Three Books of Occult Philosophy; written by Henry Cornelius Agrippa, of Nettesheim, Counseller to Charles the Fifth, emperor of Germany: and Judge of the Prerogative Court. Translated out of the Latin into the English Tongue by J. F.

Best Copy in Decades
First Edition in English
One of the Most Important and Influential Books on the Occult

AGRIPPA, Henry Cornelius. Three Books of Occult Philosophy, written by Henry Cornelius Agrippa, of Nettesheim, Counseller to Charles the Fifth, emperor of Germany: and Judge of the Prerogative Court. Translated out of the Latin into the English Tongue by J. F. London: Printed by R.W. for Gregory Moule…, 1651.

First edition in English of Agrippa’s masterwork on the occult, originally published in Latin in 1533. Octavo (7 x 5 1/4 iin; 180 x 135 mm). [2, blank], [1, blank], [1, frontispiece], [1, encomium], [1, blank], [24], 583, [1, blank], [12, Index] pp. Engraved frontispiece portrait, seven text woodcut illustrations, numerous occult symbols, and a folding table of alchemical symbology. Woodcut initials and headpieces.

Contemporary full calf, expertly rebacked with original spine laid-down. Four raised bands, red morocco spine label. Ownership signature of “Sam. Beecher / 1699” to preliminary leaf with his holograph notes in ink to rear free endpaper. A remarkable copy, internally clean, in its original contemporary binding.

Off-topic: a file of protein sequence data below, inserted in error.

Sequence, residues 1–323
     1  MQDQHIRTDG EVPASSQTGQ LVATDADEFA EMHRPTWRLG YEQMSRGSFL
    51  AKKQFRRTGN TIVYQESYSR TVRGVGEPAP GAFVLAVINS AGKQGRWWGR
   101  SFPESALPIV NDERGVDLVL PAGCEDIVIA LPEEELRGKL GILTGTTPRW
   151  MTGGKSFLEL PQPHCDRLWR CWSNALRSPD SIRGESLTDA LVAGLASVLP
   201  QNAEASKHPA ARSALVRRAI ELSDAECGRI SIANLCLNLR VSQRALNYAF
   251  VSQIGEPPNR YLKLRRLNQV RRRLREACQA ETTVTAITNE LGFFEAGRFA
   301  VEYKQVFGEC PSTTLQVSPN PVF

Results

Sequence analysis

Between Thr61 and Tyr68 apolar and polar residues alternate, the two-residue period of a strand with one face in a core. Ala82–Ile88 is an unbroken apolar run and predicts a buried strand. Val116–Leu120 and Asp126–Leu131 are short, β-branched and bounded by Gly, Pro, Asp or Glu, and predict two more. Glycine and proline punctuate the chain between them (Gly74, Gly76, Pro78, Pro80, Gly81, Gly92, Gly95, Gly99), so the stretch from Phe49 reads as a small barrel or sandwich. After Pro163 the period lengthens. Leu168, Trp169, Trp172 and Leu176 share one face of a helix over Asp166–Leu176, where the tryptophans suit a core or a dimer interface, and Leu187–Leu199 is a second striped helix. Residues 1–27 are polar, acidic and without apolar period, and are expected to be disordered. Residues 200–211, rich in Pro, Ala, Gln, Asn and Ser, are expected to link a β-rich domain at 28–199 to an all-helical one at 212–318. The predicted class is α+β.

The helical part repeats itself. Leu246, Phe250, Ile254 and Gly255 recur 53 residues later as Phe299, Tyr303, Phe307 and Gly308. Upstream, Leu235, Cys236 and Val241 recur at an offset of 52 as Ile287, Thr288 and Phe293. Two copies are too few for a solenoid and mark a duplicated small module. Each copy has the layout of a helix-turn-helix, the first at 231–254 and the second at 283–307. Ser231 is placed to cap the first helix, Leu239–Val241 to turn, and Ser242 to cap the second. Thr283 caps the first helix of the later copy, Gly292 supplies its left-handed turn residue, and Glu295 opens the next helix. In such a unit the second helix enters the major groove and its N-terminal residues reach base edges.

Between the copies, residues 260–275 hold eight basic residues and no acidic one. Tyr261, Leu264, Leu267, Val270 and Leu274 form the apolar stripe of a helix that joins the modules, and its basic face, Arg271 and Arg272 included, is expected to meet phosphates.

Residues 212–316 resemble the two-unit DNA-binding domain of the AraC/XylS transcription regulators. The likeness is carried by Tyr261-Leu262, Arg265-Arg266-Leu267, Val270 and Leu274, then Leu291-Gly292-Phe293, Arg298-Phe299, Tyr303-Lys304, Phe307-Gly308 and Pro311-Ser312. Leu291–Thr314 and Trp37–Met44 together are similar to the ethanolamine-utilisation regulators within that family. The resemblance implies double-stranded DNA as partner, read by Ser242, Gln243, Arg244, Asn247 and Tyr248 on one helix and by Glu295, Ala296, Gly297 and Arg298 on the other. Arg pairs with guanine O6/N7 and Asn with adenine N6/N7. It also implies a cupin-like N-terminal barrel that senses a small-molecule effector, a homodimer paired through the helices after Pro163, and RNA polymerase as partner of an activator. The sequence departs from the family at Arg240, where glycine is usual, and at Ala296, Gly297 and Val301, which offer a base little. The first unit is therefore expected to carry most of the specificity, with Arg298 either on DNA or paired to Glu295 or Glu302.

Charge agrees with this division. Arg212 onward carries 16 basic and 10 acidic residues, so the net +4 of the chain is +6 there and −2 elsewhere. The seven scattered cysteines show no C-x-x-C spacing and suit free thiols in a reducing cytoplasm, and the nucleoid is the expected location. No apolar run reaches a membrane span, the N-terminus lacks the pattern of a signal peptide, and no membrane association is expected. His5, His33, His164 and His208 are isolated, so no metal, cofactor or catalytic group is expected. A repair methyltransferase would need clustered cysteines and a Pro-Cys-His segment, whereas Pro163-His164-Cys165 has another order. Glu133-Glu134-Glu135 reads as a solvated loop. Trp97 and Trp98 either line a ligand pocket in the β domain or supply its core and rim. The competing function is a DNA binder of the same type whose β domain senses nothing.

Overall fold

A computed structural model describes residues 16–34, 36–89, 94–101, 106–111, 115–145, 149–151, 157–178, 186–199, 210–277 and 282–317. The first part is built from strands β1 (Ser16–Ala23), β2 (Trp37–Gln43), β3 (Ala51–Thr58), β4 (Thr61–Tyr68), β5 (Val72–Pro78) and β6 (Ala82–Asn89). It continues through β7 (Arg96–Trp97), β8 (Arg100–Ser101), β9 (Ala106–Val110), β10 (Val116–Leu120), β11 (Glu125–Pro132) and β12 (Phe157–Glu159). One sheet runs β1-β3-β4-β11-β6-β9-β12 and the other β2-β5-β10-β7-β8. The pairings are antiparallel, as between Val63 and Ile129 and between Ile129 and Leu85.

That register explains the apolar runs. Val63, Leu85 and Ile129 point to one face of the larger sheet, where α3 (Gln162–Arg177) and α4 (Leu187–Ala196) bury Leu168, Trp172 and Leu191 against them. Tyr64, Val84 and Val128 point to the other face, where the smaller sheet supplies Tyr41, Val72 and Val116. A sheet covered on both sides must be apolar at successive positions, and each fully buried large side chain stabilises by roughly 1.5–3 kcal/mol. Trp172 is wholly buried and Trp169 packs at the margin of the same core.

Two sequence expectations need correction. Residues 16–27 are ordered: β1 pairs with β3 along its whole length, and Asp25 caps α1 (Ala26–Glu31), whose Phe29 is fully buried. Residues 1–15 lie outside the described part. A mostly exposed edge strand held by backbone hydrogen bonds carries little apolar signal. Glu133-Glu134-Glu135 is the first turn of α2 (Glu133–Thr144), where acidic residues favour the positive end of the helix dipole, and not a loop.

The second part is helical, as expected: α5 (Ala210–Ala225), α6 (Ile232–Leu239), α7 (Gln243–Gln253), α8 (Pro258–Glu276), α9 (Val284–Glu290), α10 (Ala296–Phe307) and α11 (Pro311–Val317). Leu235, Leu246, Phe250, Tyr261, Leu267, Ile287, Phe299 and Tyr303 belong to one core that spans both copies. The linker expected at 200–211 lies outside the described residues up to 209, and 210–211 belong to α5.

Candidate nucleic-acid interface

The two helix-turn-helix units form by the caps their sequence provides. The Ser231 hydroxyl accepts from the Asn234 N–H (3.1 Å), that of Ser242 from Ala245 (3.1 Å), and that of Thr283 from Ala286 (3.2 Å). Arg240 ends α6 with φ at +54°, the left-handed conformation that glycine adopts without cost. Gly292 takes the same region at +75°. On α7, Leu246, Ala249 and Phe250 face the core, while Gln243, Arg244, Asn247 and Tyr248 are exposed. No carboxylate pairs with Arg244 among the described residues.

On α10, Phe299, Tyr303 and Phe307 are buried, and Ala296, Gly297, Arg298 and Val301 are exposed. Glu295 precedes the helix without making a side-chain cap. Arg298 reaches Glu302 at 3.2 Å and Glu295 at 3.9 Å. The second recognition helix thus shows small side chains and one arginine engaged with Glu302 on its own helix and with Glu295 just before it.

While there have been seventeen copies at auction over the last thirty-five years, all have had condition issues of one sort or another, many lacking the folding table. This is the best copy to reach the marketplace in decades.

One of the most important and influential volumes ever written on the occult and esoteric philosophy.

"In the last half of 1509 and the first months of 1510, Cornelius Agrippa, known in his day as a Magician, gathered together all the Mystic lore he had obtained by the energy and ardour of youth and compiled it into [an early draft of] the elaborate system of Magic, in three books, known as Occult Philosophy…The only English translation appeared in London in 1651" (Willis F. Whitehead, Preface to 1971 reprint).

“Recent historical investigation…assigns Agrippa a central place in the history of ideas of the Middle Ages. He is seen as characterizing the main line of intellectual development from Nicholas of Cusa to Sebastian Franck. Modern opinion evaluates him on the basis of his Platonic, Neoplatonic, and Hermetic influences – primarily in the De occulta philosophia” (DSB).

“De occulta philosophia is a defense of magic, by means of which men may come to knowledge of nature and God, and contains Agrippa’s idea of the universe with its three worlds or spheres [Elementary, Celestial, and Intellectual]’ (Britannica).

Agrippa’s influence “added impetus to Renaissance study of magic and injected his name into early Faust legends. In [De occulta philosophia] he explained the world in terms of cabalistic analyses of Hebrew letters and Pythagorean numerology and acclaimed magic as the best means to know God and nature” (New Britannica).

First appearing in Latin in 1533, the book was translated into English by John French here, in 1651, and has, ever since, been a strong influence on the study of magic in the English-speaking world.

Wing A789. Osler 1747. Lowndes 21. Graesse I, 45. Item #01717

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